Red Violin I – the tarot spread

redviolin

The Red Violin is on my list  of favourite movies. Yup, I know it is not a big commercial success and that it is a difficult movie. A friend told me it is proof of my obsession with death, whatever. I love its musical score! A movie named The Red Violin couldn´t be anything but a musical with a powerful score!

As a tarot aficcionado, the spread of the movie is also interesting.

The movie begins in XVII century Italy. A luthier is making a violin for his son to be born son. His wife asks a servant to read her unborn child´s fortune on the tarochino, and although she is wary of  Reading the fortune of someone who is not yet born, she yields to the woman´s plead and opens a Reading.

The first card is The Moon. She reads as the child is going to live a long life. The arcane does not exactly mean it, however. It talks about mystery and things that happen beyond the realm of rational understanding. It is going to be a life of dream, of mystical learning, of perhaps never quite reaching fully out of the woomb of the primeaval Waters which reflect the light of the sun, that is the light that the Moon reflect on us.

sfozathemoon

As it happens, the luthier´s wife dies at childbirth. Tortured with the pain of loosing his beloved wife and his child, he drags her body to his workshop, and drains what blood he can from her body, mixing with varnish, cuts her hair and makes a brush with it, then paints the violin, the violin he had been crafting with all his love, red, and places a Ruby on it. His last instrument, the last work of his life. A work of love, death and life.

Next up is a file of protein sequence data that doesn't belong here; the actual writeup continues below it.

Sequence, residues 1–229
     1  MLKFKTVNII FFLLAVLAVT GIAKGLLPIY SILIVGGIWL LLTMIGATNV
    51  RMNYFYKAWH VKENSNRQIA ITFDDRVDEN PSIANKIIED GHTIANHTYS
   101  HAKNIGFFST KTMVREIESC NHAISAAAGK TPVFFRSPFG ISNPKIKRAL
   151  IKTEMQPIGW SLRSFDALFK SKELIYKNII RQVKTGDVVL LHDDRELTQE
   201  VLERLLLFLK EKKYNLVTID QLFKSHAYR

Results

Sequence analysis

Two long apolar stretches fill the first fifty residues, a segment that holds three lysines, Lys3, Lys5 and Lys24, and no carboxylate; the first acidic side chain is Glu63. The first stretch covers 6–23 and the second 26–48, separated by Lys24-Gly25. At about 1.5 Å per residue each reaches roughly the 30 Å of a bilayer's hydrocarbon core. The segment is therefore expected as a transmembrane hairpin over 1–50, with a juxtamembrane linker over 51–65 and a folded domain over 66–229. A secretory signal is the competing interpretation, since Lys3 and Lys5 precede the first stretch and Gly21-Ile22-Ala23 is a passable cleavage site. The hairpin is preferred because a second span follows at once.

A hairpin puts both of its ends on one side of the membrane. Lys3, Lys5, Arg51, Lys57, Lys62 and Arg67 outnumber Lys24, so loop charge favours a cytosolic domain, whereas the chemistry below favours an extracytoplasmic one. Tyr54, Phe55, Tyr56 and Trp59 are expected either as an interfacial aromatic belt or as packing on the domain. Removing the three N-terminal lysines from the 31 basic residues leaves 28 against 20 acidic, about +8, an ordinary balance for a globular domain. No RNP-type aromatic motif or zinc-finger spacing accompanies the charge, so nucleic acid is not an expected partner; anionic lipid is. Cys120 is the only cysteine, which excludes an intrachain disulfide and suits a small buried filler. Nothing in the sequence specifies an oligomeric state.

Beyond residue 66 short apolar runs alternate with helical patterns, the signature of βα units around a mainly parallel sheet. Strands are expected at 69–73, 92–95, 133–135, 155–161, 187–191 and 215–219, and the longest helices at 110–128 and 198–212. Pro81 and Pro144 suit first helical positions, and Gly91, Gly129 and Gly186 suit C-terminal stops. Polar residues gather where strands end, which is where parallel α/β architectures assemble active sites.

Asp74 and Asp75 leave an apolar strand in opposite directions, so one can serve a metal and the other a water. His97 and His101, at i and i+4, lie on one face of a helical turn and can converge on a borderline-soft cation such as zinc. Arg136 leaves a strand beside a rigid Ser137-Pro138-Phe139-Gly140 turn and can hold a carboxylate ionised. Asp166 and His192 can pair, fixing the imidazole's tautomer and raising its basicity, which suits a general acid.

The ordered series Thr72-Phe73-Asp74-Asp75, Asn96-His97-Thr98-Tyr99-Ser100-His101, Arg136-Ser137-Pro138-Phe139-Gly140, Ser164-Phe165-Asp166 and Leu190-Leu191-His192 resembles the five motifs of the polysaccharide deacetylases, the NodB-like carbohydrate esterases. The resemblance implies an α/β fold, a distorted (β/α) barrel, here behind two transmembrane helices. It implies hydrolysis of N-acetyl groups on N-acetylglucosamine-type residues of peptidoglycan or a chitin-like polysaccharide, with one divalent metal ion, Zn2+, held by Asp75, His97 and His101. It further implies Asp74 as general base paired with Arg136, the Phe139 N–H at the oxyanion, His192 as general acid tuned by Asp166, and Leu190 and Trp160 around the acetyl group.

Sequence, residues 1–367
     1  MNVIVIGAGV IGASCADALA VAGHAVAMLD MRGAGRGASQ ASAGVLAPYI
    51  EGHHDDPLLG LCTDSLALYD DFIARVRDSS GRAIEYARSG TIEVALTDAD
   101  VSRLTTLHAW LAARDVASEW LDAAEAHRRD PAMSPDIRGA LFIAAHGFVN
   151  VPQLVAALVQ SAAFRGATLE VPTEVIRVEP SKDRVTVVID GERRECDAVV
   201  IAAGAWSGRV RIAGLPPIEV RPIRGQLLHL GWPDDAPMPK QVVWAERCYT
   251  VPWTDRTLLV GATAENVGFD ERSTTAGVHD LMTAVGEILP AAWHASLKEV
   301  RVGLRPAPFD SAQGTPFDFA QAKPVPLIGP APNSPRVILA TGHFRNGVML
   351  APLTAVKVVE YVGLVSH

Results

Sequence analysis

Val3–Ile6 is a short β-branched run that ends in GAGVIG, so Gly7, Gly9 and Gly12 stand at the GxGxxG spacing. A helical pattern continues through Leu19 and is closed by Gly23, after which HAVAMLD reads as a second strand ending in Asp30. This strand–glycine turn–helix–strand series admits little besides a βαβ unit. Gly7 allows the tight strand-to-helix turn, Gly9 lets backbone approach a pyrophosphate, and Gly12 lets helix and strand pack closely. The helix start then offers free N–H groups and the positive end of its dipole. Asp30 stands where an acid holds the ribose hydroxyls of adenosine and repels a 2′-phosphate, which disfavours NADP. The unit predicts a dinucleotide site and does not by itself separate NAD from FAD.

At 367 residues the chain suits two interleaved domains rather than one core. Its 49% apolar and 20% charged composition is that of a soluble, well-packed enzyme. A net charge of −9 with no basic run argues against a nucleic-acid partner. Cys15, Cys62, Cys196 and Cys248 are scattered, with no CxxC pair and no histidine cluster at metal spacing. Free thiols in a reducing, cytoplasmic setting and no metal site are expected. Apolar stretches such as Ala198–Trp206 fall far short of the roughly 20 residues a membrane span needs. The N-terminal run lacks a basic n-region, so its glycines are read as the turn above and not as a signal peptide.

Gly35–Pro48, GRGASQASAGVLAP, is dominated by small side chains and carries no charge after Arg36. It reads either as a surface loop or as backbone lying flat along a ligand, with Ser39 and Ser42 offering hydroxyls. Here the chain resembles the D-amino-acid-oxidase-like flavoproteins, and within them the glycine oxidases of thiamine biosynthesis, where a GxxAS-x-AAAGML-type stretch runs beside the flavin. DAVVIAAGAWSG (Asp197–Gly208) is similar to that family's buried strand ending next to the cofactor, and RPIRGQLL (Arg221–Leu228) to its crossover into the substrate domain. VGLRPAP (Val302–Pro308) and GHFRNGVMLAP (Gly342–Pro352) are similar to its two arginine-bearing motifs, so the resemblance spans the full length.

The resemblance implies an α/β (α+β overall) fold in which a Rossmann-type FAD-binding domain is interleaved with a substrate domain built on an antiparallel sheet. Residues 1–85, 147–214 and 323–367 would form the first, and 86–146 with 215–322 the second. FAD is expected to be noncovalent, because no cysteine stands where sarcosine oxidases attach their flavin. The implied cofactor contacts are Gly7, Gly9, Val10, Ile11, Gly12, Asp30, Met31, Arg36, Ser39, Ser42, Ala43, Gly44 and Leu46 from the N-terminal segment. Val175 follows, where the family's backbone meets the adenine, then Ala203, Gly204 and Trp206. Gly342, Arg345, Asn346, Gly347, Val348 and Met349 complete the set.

This is how the Red Violin is born. It is not a tale about death pure and simple, but about life, a long and mysterious life that we´re about to follow.

The second card the servant draws to the Luthier´s wife is The Hangman, meaning sorrow and pain to those around her. Which is pretty much true. There is however a catch to this card: it speaks of talent, and of being unable to let go or to influence your own life, and thus the hands behind the hangman´s back.

atu12We find the Violin in an orphanage, one hundred years later. How many little hands touched and played it! It had been used to praise the Lord Almighty, to teach the Young and to entertain the priests and visitors, and it is hard to say whether anyone saw its Worth. Until a very Young boy, an orphan, learns to play on it, and he is a marvelous talent! Silent and sweet Kaspar Weiss, plays like na angel, and despite a small birth defect., hardly noticed at first, he is such a promise, that the friars decide to share that talent with the world and send him to Vienna to improve his technique and become a great musician. His teacher insists on him increasing his tempo, which is very taxing on the boys health, but he throws himself to the task with gusto. The violin is not suited for childish hands, but there is no way anyone can take that instrument from him. We understand that the Violin is not a toy or a musical instrument, it is his friend, his soul, part of his body. When a noble sponsor does not show great enthusiasm for the boy, but makes na offer for the violin, the boy collapses and dies for the fear of losing his violin.